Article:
In the wake of the critical drubbing the Beach Boys musical Good Vibrations took this past winter, and the rough tryout Broadway bound Lennon suffered in San Francisco, comes news that The Four Seasons musical Jersey Boys, which enjoyed a record-breaking extended premiere run at La Jolla Playhouse, will fill Broadway's now-vacant Virginia Theatre. Directing the story about how four blue-collar guys — Frankie Valli, Bob Gaudio, Tommy DeVito and Nick Massi — came to sing such falsetto odes as "Big Girls Don't Cry," is Des McAnuff. The show begins previews Oct. 5.
The aforementioned Lennon, meanwhile, is still on track for a summer arrival, though it recently switched its start date at the Broadhurst from June 28 to July 7, owing to the fact that the Broadhurst's current tenant, Billy Crystal's 700 Sundays, is to busy minting money to move. Prior to that, the musical's backers decided to skip its scheduled Boston run following its world premiere at San Francisco's Orpheum Theatre and head right to New York. At the same time, Neil Sedaka keeps talking about how his Breaking Up Is Hard to You is on its way. Don't any of these people read the papers—that recent article in the Times, for instance, where Ben Brantley mentioned he regretted every minute of Good Vibrations?
Speaking of bad reviews, Brooklyn, the inexplicably long-lived Broadway musical by Mark Schoenfeld and Barri McPherson, announced it would close June 26 after 28 previews and 283 regular performances. The show was not singled out for praise, but it was singled out for bringing a new kind of singing style to the Broadway stage—the kind America soaks up while watching "American Idol." The heartland that loves that talent show will soon see its legitimate cousin: a national tour will begin in the fall.
*** Producer Jeffrey Richards, who seems to love old forgotten plays that would never occur to other people as being ripe for Broadway revival (i.e. The Best Man, A Thousand Clowns), announced he would be bringing back Herman Wouk's The Caine Mutiny Court Martial. Jerry Zaks will direct the production, due for the 2005-2006 Broadway season. The 1954 play pits Lieutenant Stephen Maryk against Lieutenant Commander Queeg as Maryk relieves his minesweeper commander of duty after deciding Queeg has become too mentally unstable to pilot their World War II vehicle, the USS Caine.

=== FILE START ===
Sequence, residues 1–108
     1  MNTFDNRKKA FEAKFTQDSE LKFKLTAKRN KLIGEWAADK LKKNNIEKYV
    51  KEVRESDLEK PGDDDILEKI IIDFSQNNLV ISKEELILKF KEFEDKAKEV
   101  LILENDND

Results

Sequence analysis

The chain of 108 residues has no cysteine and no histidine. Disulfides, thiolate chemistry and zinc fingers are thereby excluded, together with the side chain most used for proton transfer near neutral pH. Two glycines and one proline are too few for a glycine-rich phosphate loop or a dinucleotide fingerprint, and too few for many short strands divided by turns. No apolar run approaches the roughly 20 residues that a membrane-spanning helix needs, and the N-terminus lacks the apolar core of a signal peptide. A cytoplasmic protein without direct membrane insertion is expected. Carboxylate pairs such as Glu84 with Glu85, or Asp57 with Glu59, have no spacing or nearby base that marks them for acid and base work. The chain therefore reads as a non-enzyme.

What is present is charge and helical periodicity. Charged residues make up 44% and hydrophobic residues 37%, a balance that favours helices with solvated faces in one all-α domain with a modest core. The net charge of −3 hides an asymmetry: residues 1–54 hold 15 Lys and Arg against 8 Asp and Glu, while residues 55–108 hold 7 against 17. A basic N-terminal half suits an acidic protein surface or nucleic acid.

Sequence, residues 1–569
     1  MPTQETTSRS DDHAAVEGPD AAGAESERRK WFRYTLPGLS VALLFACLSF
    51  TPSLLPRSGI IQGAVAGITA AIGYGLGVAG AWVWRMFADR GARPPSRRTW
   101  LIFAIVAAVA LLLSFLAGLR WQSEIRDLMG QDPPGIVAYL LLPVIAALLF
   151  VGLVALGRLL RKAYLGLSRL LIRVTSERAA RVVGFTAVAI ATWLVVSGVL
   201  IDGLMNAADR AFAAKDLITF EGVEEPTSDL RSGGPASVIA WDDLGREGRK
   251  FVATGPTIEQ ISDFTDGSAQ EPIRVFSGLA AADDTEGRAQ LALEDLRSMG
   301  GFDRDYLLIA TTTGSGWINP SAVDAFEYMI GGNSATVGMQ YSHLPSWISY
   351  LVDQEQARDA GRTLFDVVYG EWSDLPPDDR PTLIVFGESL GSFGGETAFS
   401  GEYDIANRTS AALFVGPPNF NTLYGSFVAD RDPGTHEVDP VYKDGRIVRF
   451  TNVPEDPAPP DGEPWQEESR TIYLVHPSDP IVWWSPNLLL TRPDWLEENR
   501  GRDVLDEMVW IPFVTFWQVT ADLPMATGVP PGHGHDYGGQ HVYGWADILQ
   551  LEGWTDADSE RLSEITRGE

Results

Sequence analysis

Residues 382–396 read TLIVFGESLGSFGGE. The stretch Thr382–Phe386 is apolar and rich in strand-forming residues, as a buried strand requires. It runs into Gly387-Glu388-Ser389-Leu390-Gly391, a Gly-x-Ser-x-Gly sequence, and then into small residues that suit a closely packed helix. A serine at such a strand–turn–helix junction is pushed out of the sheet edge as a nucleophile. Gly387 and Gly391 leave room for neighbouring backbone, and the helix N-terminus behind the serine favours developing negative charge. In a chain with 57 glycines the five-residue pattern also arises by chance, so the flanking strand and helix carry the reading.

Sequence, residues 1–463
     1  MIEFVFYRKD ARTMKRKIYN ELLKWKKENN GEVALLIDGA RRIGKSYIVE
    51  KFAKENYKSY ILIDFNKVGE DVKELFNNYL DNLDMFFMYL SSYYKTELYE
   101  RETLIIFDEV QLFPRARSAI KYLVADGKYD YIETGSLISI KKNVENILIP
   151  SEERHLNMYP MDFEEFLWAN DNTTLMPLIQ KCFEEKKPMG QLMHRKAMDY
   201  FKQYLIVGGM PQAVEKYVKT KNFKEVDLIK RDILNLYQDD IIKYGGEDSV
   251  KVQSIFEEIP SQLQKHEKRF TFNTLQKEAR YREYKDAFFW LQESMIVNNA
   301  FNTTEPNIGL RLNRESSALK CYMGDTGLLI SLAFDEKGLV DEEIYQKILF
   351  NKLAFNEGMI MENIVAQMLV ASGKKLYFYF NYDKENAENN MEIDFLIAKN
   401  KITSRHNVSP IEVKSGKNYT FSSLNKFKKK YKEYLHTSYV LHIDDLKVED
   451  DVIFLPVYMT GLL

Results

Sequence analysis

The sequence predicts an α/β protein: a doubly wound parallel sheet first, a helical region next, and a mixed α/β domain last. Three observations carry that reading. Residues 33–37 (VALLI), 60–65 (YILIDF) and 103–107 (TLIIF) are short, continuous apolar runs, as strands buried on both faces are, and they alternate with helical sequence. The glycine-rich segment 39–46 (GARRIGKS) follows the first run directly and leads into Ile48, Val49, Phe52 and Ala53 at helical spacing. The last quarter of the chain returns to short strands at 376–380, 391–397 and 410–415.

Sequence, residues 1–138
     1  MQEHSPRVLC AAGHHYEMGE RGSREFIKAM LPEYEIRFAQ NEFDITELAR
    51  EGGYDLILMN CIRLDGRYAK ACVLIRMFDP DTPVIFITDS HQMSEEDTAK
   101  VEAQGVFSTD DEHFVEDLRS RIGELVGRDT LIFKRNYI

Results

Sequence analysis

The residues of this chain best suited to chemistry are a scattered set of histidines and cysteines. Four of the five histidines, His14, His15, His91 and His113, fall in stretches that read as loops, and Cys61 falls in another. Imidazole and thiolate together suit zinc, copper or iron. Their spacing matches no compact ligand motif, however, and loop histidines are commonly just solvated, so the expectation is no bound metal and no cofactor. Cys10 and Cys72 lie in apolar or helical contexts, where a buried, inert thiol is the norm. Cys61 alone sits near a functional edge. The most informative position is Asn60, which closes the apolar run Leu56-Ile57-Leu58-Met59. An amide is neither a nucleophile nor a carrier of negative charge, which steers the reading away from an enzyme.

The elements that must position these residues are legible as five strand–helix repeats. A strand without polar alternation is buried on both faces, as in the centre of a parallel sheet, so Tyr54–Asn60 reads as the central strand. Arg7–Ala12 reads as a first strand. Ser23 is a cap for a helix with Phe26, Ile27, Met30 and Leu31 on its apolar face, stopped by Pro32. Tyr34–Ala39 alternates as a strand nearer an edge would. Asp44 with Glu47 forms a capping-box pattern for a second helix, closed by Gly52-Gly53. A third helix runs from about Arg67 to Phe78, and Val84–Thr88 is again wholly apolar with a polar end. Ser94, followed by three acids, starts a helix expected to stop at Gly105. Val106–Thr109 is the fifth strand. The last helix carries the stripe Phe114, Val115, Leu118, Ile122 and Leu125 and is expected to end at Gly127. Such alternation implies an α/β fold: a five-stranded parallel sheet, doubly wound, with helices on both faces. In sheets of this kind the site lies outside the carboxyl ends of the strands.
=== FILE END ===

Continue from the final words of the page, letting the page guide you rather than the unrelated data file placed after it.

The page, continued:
Neil Simon's Rewrites will have its world premiere as far from New York as you can get and stay within the continental United Stages. It will run Jan. 19-Feb. 18, 2006 at Seattle Repertory Theatre. The play is based on Simon's own memoir of the same name, and is a young newlywed playwright on the verge of two life-changing events — the birth of his first child and the berth of his first Broadway play.
The new Center Theatre Group artistic director Michael Ritchie showed this week that he's prepared to weather controversy as he reshapes the institution long run by Gordon Davidson. In one of his first moves, Ritchie has cut the California company's minority-based theatre initiatives created by Davidson, who left the company earlier this year.
The decision, which goes into effect July 1, will do away with the three ethnic-based programs — Latino Theatre Initiative, BlackSmyths and Asian American Theatre Workshop — and The Other Voices Project (which is "dedicated to the empowerment of writers and performers with disabilities in the American theatre," according to the company's website). Ritchie also plans to cut readings and workshops conducted under the direction of playwright Luis Alfaro — who serves as Director of New Play Development, a job that will be eliminated, as will the other lab directors.
"I've never liked having a play read to me," Ritchie told the L.A. Times, saying he had not attended a reading in seven years; he prefers to read them himself. He continued, "I want to see a shorter list of plays in production, as opposed to a long list that gets mired in development... If plays that are in development hell are valid, they'll find a home. With too much development, they wither and die." Ritchie further noted that, in his previous job, at the Williamstown Theatre Festival in Massachusetts, "It wasn't about managing many plays. It was, 'All right, let's put it on.' It was a model that worked." Among the valid works that found a home at WTF were plays by such up and comers like Terrence McNally, A.R. Gurney, Richard Nelson and Eric Bogosian. Hm. Wonder when the last time was that any of them were stuck in development hell?